What Are Rich Text Editors?
Most of us are very familiar with rich text editors, whether we know them by that name or not. The term “rich text” refers to text with attached stylings—i.e., fonts, font styles (bold, italic), sizes, colors, and all of your other favorite tools in the toolbar of your rich text editor of choice.
Examples of some commonly used rich text editors are Google Docs, Microsoft Word, the editor in your email application, blogging application, etc.
Most rich text editors are also WYSIWYG editors. WYSIWYG stands for “What You See Is What You Get”—meaning that you’re able to see the rich text as you’re writing it (sweet, sweet instant gratification).
Nowadays, you can find WYSIWYG editors scattered all over the internet, sprinkled into all sorts of web applications. But it wasn’t always this way. No, no, it wasn’t always the case that rich text editing in the browser was so widespread.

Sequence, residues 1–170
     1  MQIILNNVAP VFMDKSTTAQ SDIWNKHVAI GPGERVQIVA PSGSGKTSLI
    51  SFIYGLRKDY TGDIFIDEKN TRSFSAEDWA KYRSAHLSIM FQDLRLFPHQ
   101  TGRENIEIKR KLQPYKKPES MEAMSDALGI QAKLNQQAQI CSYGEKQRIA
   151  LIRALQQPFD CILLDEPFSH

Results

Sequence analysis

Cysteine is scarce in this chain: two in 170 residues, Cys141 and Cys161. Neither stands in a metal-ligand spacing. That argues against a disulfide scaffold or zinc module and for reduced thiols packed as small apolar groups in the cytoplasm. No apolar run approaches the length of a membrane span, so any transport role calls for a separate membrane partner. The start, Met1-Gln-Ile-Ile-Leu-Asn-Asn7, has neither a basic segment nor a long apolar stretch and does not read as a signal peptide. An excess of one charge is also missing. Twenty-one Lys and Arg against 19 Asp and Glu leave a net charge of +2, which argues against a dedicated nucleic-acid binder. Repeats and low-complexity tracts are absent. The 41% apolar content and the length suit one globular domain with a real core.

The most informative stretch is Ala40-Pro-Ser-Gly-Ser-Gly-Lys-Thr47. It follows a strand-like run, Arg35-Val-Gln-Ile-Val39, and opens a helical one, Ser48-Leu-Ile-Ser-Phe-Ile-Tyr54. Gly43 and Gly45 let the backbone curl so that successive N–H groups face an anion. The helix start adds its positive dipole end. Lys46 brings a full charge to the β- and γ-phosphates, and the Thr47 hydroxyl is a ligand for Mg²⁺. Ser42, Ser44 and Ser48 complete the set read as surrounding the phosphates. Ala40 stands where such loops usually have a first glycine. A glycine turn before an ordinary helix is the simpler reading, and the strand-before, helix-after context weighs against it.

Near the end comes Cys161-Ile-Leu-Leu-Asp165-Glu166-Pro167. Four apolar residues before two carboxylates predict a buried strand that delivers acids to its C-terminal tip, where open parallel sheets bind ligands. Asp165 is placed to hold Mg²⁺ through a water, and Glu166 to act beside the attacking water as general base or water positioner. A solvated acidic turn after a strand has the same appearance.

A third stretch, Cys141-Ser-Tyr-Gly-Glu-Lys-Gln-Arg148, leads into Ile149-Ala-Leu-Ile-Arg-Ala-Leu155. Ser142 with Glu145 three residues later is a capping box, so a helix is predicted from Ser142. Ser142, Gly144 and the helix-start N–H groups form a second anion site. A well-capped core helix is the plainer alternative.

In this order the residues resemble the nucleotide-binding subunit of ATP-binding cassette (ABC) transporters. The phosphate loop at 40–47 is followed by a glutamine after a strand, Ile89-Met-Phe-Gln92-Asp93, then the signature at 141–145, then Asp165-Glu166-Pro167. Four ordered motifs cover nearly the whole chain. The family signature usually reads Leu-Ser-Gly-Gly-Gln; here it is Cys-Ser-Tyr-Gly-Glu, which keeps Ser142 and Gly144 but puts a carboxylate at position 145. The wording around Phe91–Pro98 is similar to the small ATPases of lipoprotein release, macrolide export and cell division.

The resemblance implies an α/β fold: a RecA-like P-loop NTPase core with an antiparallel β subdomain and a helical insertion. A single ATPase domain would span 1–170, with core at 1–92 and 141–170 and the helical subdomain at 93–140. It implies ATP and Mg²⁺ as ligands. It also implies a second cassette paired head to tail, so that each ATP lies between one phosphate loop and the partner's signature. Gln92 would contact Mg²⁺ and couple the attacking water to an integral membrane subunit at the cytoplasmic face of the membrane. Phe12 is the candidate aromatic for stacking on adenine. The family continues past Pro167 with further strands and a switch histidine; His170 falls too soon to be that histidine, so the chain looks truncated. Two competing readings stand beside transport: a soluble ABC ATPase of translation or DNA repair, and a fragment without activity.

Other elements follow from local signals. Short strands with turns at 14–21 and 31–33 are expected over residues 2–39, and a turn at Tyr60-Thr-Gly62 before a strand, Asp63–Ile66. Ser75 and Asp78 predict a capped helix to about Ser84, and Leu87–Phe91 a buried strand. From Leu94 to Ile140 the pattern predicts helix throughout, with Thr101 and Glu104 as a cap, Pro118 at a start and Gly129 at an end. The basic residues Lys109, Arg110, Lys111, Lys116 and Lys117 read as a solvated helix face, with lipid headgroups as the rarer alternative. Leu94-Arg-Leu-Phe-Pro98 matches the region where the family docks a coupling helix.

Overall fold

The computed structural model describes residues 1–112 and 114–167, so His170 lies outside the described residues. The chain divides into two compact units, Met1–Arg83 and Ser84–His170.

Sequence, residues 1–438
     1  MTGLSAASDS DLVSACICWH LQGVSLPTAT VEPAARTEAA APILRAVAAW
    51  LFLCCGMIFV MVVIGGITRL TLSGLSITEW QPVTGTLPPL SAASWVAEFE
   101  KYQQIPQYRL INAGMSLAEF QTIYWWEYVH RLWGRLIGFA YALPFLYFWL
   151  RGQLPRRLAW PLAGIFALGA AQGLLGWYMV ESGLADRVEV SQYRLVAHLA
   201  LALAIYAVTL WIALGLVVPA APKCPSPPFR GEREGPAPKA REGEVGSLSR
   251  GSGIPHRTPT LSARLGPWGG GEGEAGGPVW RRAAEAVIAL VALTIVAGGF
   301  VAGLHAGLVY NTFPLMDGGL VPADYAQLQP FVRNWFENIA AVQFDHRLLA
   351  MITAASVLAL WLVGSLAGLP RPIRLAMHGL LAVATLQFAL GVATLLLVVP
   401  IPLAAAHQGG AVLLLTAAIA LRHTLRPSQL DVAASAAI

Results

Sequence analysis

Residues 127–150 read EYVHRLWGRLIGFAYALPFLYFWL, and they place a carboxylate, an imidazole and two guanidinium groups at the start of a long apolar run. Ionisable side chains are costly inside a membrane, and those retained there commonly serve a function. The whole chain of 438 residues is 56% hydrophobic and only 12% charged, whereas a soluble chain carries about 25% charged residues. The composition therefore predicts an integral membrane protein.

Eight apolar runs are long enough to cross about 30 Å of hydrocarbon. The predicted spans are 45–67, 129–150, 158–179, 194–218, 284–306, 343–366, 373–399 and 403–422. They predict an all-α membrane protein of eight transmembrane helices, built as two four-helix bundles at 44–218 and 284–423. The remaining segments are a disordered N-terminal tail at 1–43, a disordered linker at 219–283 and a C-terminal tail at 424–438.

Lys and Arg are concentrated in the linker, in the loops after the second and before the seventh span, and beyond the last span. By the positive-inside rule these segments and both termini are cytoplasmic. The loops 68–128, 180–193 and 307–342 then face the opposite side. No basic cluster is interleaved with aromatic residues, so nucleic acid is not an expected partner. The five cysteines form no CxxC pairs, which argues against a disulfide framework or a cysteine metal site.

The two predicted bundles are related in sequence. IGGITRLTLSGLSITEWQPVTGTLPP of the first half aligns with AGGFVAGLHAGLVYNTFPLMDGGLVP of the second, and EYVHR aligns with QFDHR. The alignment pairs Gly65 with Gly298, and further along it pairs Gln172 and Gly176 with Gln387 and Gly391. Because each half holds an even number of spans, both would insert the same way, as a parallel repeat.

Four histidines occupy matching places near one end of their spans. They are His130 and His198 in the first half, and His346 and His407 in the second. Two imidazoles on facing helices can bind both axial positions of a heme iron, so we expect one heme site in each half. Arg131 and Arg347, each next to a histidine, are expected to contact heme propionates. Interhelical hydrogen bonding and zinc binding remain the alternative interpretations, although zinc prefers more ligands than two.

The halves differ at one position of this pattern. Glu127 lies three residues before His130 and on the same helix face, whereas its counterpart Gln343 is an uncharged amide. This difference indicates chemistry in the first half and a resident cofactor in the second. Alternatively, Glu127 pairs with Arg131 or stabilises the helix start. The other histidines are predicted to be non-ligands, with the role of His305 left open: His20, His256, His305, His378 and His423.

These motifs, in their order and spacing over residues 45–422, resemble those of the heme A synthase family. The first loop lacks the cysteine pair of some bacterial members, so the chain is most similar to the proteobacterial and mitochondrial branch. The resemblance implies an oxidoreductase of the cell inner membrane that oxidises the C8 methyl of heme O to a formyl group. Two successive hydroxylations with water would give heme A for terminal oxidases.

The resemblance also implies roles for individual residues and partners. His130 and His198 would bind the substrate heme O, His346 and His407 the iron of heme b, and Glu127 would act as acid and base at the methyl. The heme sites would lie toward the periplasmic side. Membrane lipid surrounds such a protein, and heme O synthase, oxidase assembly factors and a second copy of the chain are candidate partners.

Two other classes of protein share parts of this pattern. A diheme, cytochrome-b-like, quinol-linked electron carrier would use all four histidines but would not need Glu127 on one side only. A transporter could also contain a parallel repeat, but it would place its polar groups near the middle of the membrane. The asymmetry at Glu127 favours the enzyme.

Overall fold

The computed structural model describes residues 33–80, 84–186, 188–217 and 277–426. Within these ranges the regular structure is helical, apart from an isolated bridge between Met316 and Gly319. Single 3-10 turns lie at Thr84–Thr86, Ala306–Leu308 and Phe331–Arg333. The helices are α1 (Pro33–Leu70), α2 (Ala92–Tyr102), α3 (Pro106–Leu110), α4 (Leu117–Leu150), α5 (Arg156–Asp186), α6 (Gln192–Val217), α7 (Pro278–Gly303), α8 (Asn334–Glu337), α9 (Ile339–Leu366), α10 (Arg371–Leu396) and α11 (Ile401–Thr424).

As prevalent as they are today, web-based rich text editors, as you know and love them, weren’t always available. In fact, they have a pretty interesting history.
Pull up a rocking chair, sit by the fire, and listen to what it used to be like.
Remember Word Processors?
My first encounter with a WYSIWYG editor was Microsoft Word (as was standard in the Virginia public school system in the early 2000’s). Back in those days, if you wanted to write text with any styling and formatting, Microsoft Word was your best bet.
At that point in time, it was still pretty amazing that you could have a standalone program like Microsoft Word running on a general purpose computer that could also email, browse the internet, play solitaire, and more. As a youth in the early 2000’s, I was at the tail end of that sentiment, but it was certainly still lingering about. It also meant that I was one of the first generations to have computers available, in some capacity, throughout my public school education.